Todd Rundgren’s Space Force a diverse collaboration of a vision


With over 50 years in the music industry as a songwriter, multi-instrumentalist, and producer; Todd Rundgren is back with a new album, Space Force, that shifts the artistic focus from himself to an exploration of previously unfinished works by other artists.

Fresh off being inducted into the Rock and Roll Hall of Fame in 2021, Rundgren has been a mainstay in the music world both in the spotlight and behind the scenes. He’s made a career with his brand of classic rock and a prolific list of writing and production credits.

Coming up on 52 years since the release of his first solo studio album Runt, Rundgren continues to be a player in the music industry. It’s rare to get an artist whose career has spanned so long that he has credits for both Meatloaf and Charli XCX.

In many ways, the 74-year-old Rundgren is one of those talents that can be described as “your favorite musician’s favorite musician;” an artist who isn’t a household name but has garnered respect from countless others in the music industry.

Rundgren took the role of a curator on Space Force. The song ideas are a collection of different songs by other artists that he also worked on. Some tracks are the result of the collaboration leading to the final vision of half-finished ideas. This is in line with what Rundgren has consistently done behind the scenes for decades working with artists ranging from The Roots to Bad Religion.

Rundgren noted the creation of this album was the culmination of a variety of disparate collaborations through the years. Interestingly, many seemed to be spur of the moment meetings. “Down With the Ship,” a song with Weezer’s Rivers Cuomo, was spawned from a backstage meeting at The Tonight Show.

After diving through ideas they settled on an unfinished jam that was based on Dick Tracy. It’s a zany romp with an off-kilter aesthetic that is perfect for Rundgren and Cuomo’s penchant for the strange and unique when it comes to music.

On Space Force, there’s a looseness that’s endearing. There’s not a lot of consistency, but that’s by design. With each song being born out of an unfinished piece, It’s almost like we’re hearing some of the purest representations of an artist’s general work.

What fans hear on the final record is usually a small product of a vast artistic process. Musicians are constantly creating and jamming which leads to a dearth of ideas; some good and some not. There’s a reason superfans collect unreleased B-sides and demos. There’s something pure about hearing a song in that form.

Space Force is a joint operation and that is evident by simply listening to the record. The sound of the album is all over the place. Each song delivers a completely different vibe with the only shared characteristics being a vintage aesthetic with outlandish vocals, quirky synths, and drum and guitar sounds ripped from thirty years ago.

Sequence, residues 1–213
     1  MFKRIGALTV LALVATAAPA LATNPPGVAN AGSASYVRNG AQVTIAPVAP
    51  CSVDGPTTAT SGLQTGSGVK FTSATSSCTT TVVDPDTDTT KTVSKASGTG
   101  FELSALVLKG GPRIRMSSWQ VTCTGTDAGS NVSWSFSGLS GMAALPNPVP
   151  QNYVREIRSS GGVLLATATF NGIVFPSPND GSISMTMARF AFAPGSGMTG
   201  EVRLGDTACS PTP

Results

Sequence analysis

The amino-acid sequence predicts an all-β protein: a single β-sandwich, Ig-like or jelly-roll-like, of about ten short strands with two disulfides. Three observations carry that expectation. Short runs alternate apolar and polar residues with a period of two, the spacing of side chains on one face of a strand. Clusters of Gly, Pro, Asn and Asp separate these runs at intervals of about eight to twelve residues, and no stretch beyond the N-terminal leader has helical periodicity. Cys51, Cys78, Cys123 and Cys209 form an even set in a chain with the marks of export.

These elements don’t amount to Space Force being a lame pastiche of older rock music. Many of the collaborators, and Rundgren himself, are from that era.

The playlist-like quality of Space Force is in stark contrast to Rundgren’s last studio album White Knight, a rock record that brought on featured artists, but the sounds and musical vision of the record were primarily his. He wrote and produced that record, whereas on Space Force many of the tracks were written, at least partially, before Rundgren came in to help fully realize them.

Musical diversity is Space Force’s greatest strength. It’s hard to get bored listening to it. Even if there’s a particular song or sound that isn’t connecting, the next track may offer something completely different that does hit the right nerve.


Sparks is an art rock band that saw its largest prominence in the 70’s and 80’s. The duo is made up of brothers Ron and Russell Mael and their energy bursts on “Your Fandango.” The song was largely finished according to Rundgren with him coming in towards the tail end to help finish some passages.

Being contemporaries, the trio melds effortlessly. The track an excellent classic rock quality that harkens back to a recognizable era of pop music that both Sparks and Rundgren thrived in. The chorus is hypnotic and the bridge is absurd in the best way possible.

Thomas Dolby, the mutli-dimensional musician known for “She Blinded Me With Science” makes an appearance on “I’m Not Your Dog,” a space-age rock tune with a strong bouncy rhythm and a great bass line. It’s one of the two noisier rock anthems on the album next to “STFU,” a collaboration with Cheap Trick’s Rick Nielsen that’s a crushing track that explodes with the help of instrumental and vocal performances fueled by unbridaled aggression.

Steve Vai delivers his brand of soaring guitar work on the closing track “Eco Warrior Goddess.” This prog rock track feels like it could have been ripped straight from the late 80’s with its nonlinear song structure and lightning-fast guitar solos supported by a synth and drum tone that any seasoned prog fan can pick out immediately.

There’s a little something for everyone on Space Force. For some fans this will be a nostalgic trip through an older time in rock and roll, getting to revisit the music of artists they grew up listening to. Even without that nostalgia factor, Space Force is still decent. The unfocused nature does make the album feel like less of a cohesive work and more of a selection of songs to pick and choose which to keep in your rotation, but the talent involved is undeniable.

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One comment

  1. Thank you for the well-informed review. I too am enjoying the eclectic nature of the album which I mapped out in this 2-by-2 matrix:

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